"The important question for all of us to address here today is not who set the house on fire, but how do we extinguish the flames and get on with the task of rebuilding," Governor Corzine said.
Corzine is proposing using state and federal dollars to prevent home foreclosures and buy up vacant properties, and he wants to invest $500-million from the state pension fund into community banks to encourage lending.
"Our pension money is not the fountain to which you reach every single time you need money and then blame state workers for all the troubles," Rae Roeder of the CWA Local 1033.
Corzine also wants to fast track construction on roads and schools and alternative energy projects to create jobs, as well as providing emergency funding for food banks and expanding assistance programs that help people pay for heat.
And among the ideas to help business? Offering $3,000 checks to companies for every job they create and keep for a year.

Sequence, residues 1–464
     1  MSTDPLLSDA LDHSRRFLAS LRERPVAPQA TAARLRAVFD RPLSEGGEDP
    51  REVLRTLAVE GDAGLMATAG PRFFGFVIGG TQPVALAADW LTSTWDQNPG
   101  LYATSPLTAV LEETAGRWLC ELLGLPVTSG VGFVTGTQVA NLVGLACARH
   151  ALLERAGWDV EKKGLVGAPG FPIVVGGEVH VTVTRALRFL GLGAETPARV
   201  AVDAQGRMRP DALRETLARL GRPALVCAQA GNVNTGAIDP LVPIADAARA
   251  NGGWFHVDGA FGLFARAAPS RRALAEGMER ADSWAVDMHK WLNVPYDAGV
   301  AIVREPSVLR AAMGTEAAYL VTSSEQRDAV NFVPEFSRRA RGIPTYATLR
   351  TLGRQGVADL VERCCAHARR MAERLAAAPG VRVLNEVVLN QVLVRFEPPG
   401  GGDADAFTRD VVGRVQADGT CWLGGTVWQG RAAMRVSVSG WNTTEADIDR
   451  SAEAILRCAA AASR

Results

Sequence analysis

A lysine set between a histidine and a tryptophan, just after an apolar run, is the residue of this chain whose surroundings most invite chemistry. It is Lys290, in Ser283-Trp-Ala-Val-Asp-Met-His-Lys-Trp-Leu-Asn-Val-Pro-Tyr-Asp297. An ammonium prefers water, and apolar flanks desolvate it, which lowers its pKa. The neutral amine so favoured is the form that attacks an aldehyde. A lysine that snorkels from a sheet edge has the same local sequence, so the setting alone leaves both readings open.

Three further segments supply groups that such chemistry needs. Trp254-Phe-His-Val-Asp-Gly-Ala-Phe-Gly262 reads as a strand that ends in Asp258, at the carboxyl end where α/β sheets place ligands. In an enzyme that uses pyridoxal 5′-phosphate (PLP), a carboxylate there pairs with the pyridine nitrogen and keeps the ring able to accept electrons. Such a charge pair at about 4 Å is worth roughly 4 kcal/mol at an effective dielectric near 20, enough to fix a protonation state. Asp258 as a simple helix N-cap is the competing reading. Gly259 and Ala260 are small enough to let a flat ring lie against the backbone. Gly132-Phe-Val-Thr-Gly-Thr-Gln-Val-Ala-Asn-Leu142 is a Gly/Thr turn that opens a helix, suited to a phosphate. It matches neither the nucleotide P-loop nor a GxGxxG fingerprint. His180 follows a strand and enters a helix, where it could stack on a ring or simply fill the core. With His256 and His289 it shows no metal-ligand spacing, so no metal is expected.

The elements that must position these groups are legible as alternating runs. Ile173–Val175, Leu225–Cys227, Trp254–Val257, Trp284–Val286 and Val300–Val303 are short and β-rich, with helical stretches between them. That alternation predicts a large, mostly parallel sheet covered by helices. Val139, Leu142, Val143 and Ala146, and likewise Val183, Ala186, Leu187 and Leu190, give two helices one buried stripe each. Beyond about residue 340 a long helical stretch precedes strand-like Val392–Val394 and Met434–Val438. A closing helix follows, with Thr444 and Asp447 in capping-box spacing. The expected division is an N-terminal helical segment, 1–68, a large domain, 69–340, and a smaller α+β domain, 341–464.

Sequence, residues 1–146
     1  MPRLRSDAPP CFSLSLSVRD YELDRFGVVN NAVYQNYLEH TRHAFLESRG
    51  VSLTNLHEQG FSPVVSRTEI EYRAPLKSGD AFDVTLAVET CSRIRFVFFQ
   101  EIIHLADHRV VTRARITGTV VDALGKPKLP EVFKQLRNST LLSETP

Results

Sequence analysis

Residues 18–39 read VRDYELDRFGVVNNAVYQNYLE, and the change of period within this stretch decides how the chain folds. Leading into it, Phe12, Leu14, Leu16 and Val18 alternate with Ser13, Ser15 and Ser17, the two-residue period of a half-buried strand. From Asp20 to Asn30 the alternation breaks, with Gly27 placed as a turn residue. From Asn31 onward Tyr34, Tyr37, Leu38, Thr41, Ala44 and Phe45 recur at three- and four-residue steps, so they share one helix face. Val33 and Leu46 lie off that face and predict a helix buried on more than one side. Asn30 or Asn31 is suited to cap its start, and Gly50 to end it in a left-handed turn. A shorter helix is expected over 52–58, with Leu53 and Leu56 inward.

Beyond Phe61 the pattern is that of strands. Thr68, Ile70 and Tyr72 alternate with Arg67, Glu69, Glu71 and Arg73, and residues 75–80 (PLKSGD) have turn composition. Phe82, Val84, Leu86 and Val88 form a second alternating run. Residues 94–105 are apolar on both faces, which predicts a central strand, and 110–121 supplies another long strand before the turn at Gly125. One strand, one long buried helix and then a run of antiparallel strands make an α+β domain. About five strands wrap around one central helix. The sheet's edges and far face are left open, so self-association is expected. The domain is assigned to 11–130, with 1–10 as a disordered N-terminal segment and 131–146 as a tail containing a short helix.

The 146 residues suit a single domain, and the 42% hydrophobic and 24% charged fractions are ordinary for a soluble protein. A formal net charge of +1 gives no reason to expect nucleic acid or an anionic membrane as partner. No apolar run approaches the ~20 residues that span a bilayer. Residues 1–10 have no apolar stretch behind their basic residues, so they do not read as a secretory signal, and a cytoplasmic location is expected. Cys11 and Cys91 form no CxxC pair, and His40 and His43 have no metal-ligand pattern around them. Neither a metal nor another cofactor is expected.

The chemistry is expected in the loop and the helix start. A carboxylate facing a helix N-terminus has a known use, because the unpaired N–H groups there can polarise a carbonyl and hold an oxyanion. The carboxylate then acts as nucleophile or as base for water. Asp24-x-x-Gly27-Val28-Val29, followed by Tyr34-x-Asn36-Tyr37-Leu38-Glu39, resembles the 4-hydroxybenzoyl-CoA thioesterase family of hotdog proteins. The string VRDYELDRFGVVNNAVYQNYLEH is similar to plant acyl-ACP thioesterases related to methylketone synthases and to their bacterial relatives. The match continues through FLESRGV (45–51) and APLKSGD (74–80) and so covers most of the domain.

Government is hearing the business community and is willing to make some changes to make it easier to do business in New Jersey," Joan VerPlanck of the New Jersey Chamber of Commerce.
Reaction on the street to the economic rescue plan?
"It's like a quick fix like a Band-Aid so I don't know whether it will work or not," Lori Hillman of Hamilton Township, New Jersey.
"If they're standing still they're not doing anything at least he's doing something and he's making an attempt," Roland Alexander of Trenton, New Jersey said.
Corzine says he'll pay for this by making more budget cuts.
"We do have a say about our economic destiny. Being a bystander, standing idly by is not an option," Governor Corzine said.
It's not just the state's economy the governor's concerned with. It's also his job. he's up for reelection next year and has been attacked by Republicans for not doing enough to keep the economy afloat.